1. What is Docker?

What are containers?

Containers are completely isolated environments. They can have their own separate processes, network, mounts except they all share the OS kernel.

A container is alive only as long as the process inside it is running. As soon as the process is complete, container exits.

Docker Image

A Docker image is a read-only template that contains a set of instructions for creating a container that can run on the Docker platform.

It provides a convenient way to package up applications and pre-configured server environments, which you can use for your own private use or share publicly with other Docker users.

Docker Run - start a container

docker run command is used to run a container from an image. For example, docker run nginx will download the ngnix application if not found on the host system and run it. The docker image is pulled down only for the first time and the same image is reused when executing the subsequent command.

Docker ps - list containers

  • docker ps command will list all running containers and some basic information about them.

  • docker ps -a command lists all running containers as well as previously stopped or exited containers.

List all the containers

Docker stop - stop a container

To stop a container you either need to provide a container name or container ID.

Stop a container

Docker rm - remove a container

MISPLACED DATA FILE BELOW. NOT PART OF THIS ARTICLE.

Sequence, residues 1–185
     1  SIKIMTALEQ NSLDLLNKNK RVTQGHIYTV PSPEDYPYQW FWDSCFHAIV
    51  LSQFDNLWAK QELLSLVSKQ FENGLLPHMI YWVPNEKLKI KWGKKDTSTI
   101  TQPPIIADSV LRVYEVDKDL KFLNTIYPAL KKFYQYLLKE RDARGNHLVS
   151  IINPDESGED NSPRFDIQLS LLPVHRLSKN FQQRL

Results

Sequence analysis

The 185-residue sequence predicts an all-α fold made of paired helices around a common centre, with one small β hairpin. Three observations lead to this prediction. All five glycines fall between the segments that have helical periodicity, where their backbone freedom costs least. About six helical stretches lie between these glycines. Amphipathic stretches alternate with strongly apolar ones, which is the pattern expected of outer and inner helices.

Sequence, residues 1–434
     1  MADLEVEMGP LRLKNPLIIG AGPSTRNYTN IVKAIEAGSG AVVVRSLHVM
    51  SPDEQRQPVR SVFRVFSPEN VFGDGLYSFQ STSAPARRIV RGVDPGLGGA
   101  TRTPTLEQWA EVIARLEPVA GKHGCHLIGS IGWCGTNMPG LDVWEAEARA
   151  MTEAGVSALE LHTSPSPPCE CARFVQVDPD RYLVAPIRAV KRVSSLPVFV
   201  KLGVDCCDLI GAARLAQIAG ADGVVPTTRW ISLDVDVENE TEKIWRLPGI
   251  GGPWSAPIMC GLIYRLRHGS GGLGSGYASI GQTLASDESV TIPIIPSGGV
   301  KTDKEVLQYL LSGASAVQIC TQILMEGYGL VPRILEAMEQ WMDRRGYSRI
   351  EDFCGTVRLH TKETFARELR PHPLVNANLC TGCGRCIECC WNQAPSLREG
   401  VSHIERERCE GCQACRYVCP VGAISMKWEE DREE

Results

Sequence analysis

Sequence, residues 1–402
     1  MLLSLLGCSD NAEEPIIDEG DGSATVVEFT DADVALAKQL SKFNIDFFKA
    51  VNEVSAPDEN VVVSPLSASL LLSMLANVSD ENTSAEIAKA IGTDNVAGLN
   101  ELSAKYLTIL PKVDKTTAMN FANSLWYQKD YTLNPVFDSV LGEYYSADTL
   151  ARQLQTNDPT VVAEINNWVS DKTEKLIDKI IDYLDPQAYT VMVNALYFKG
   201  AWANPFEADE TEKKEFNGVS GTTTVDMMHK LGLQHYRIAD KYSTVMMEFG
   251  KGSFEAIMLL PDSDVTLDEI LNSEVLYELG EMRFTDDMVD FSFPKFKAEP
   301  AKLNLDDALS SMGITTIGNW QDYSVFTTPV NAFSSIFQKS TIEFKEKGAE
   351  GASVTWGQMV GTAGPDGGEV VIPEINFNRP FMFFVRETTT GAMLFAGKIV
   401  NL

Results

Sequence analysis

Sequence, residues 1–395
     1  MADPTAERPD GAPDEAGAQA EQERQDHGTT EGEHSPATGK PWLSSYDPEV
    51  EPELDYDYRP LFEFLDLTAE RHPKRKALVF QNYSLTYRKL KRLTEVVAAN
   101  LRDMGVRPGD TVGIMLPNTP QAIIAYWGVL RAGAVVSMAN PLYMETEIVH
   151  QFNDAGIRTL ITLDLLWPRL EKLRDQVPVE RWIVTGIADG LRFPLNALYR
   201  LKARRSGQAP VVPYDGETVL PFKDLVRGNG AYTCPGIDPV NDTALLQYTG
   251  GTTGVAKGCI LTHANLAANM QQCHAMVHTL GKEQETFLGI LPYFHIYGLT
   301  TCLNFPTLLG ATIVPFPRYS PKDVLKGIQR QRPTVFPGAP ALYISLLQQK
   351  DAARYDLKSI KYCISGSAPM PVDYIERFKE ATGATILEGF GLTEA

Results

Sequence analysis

If you don't want to remove a container because you think it is consuming space: docker rm container_name

Removing a container

Docker images - list of images

docker images shows the list of all images.

List of all the images

docker rmi image_id removes an image that you no longer need.

Removing an image

Note: You must ensure no container is running before attempting to delete an image.

Docker pull - download an image

docker run nginx pulls the nginx image and runs it.

docker pull nginx only pulls the nginx image and stores it on the host but doesn't run it.

Run - attach and detach

docker run kodekloud/simple-webapp runs the container in the attached mode. So you can't essentially do anything until you stop the application.

docker run -d kodekloud/simple-webapp runs the container in the detached mode. So you can do other things while this application is running in the background. You can check the docker ps to see the running containers.

Let's rename our containers:

cloud_user@b9a529768e1c:~$ docker container ls -a
CONTAINER ID IMAGE COMMAND CREATED STATUS PORTS NAMES
1fd049cdd7c3 alpine "/bin/sh" 12 hours ago Up 2 hours a-container
cloud_user@b9a529768e1c:~$ docker rename a-container web01
cloud_user@b9a529768e1c:~$ docker container ls -a
CONTAINER ID IMAGE COMMAND CREATED STATUS PORTS NAMES
1fd049cdd7c3 alpine "/bin/sh" 12 hours ago Up 2 hours web01
cloud_user@b9a529768e1c:~$

Docker Stats:

If you don't have a docker monitoring solution in place, you can use docker stats or docker stats <container_name>.

Docker Inspect

Provides with lots of output. You can grep out only the parts required.

Docker image running in a detached mode with a port

sudo docker run -dp 4000:80 tutum/hello-world

Exercise:

You have to write a Dockerfile with Ubuntu 16.04 as a base image. The image should have following packages present:

  • telnet

  • curl

  • ffmpeg

Finally, when running a container from the docker image, it should launch with bash.

Deliverables:

  • A Dockerfile

  • A README file with instructions on how to build and run the image

Solution: Writing Dockerfile

FROM ubuntu:16.04
RUN apt-get update && \
apt-get install -y telnet curl ffmpeg && \
apt-get clean
## Instructions to build the docker file
mdkir image1
cd image1
docker build .
# Run the docker file in interactive mode
docker run -it --name <custom-container-name> <image-id> bash

Learning Resources: